Ali Mohamed Ali was indicted over the hijacking of the CEC Future. In “ye olde days” we hung pirates. Now they’re released to wander the streets.
Judge to Release Alleged Pirate Before Trial
A federal judge said Wednesday she will release an alleged Somali pirate ahead of his trial this fall, saying it was “pretty extraordinary” to hold someone presumed innocent in jail for more than two years.
U.S. District Judge Ellen Huvelle said at a hearing that she will issue an opinion Thursday that releases Ali Mohamed Ali. He’ll be subject to 24-hour monitoring while awaiting trial, which is scheduled to begin with jury selection on Oct. 31.
Ali is accused of negotiating a ransom payment during a November 2008 pirate takeover of a Danish merchant ship in the Gulf of Aden.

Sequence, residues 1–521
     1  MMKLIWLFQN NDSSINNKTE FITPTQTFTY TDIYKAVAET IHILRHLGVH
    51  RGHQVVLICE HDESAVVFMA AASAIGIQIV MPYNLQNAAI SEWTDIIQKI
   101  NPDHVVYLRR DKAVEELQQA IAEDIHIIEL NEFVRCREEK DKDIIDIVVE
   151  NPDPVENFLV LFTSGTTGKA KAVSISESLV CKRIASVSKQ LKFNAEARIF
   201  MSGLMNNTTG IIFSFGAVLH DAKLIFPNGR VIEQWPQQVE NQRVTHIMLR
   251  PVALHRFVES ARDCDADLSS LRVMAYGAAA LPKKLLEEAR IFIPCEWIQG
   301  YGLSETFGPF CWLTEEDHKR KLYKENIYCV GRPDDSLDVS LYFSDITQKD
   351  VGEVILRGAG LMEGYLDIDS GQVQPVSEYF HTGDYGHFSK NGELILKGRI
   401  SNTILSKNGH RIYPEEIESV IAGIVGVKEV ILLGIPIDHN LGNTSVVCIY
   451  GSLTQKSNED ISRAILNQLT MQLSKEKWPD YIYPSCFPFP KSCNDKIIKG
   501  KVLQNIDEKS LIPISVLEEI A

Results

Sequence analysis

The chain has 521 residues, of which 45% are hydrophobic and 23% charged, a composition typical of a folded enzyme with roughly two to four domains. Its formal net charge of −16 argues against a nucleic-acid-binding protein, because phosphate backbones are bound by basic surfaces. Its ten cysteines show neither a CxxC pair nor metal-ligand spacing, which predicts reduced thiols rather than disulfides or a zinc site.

It will be the second time that Huvelle ordered Ali released pending trial. She also did so in July 2012, after the government appealed one of her pretrial rulings in the case. But an appeals court quickly reversed her and ordered Ali back into custody.
The government indicated it will appeal this latest ruling, too. Assistant U.S. Attorney Fernando Campoamor-Sanchez asked Huvelle to suspend her ruling while the government appealed it; the judge said no.
The government argued Wednesday, as it did last year, that Ali posed a flight risk. But Ali’s lawyer, Matthew J. Peed, noted that his client didn’t try to flee when he was out for 10 days last year. Other than that, he’s been locked up since April, 2011.
“It’s a long time to be locked up in D.C. jail,” said Huvelle, adding that the jail is not set up for long-term stays.
Huvelle said that the jurors probably won’t reach a verdict in the case until after Thanksgiving.
“Imagine if they find him not guilty and he’d been in jail for 32 months,” said Huvelle, an appointee of President Bill Clinton.
Huvelle briefly addressed Ali directly, telling him she’s ordering him released because she believes in the Constitution and due process. She also said he’ll be in a better position to prepare for trial outside of jail.